A systematic review (Weijenborg PW, et al. Clin Gastroenterol Hepatol 2015; 13: 251-9) identified 15 randomized, placebo-controlled trials as well as 1 conference abstract and 2 case reports that provided evidence that antidepressants can be helpful for esophageal pain.
Antidepressants that were included included tricyclic antidepressants (TCAs) and selective serotonin reuptake inhibitors (SSRIs). Table 1 list the studies; most of these drugs were dosed at low doses (eg. TCAs typically 25-50 mg).
- Esophageal pain thresholds increased by 7% to 37% after antidepressant therapy
- Functional chest pain improved by 18% to 67%
- Heartburn improved over a range of 23% to 61%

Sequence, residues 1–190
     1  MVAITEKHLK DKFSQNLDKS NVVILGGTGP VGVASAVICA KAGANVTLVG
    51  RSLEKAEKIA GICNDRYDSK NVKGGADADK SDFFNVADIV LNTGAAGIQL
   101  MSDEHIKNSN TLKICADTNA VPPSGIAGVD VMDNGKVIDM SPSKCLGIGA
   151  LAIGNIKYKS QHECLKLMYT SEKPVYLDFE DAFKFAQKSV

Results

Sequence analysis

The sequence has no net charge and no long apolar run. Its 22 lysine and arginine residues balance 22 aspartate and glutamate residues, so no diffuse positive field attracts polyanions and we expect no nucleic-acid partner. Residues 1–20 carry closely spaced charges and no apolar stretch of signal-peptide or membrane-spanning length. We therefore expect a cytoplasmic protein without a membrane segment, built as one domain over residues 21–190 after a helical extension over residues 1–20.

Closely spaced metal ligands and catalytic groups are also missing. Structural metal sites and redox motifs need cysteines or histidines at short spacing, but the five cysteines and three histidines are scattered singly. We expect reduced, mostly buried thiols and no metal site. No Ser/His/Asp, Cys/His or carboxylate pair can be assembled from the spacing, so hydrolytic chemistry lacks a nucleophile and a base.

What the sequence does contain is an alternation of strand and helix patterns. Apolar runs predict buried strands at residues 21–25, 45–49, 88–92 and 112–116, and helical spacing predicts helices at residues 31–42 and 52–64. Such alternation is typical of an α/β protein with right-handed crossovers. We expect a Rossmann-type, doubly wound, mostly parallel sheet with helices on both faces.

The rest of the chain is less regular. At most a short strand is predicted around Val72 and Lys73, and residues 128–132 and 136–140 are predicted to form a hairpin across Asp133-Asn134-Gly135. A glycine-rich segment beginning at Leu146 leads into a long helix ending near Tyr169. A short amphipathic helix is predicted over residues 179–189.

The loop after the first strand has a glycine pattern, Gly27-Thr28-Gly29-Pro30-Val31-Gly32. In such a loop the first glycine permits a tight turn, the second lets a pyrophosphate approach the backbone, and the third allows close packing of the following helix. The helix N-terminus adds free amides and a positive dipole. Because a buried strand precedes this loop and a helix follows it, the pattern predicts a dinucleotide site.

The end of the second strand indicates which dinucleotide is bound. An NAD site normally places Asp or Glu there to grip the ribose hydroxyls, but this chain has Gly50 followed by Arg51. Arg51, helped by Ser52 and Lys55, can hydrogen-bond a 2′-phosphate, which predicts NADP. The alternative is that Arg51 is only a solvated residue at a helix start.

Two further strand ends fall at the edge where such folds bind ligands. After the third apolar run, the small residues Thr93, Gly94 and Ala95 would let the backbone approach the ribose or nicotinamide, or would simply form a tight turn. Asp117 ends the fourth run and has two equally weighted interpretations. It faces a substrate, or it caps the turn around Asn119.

Take-home message (from authors): “The results of the trials included in this systematic review provide modest evidence that both TCAs and SSRIs modulate esophageal sensation and reduce functional chest pain.”
Related blog posts:
- Brave New World: Psychotropic Manipulation & Pediatric …
- Unexplained chest pain | gutsandgrowth
- Change the Name: “Functional” is Lousy | gutsandgrowth
- Why didn’t patient with documented reflux get better with PPI?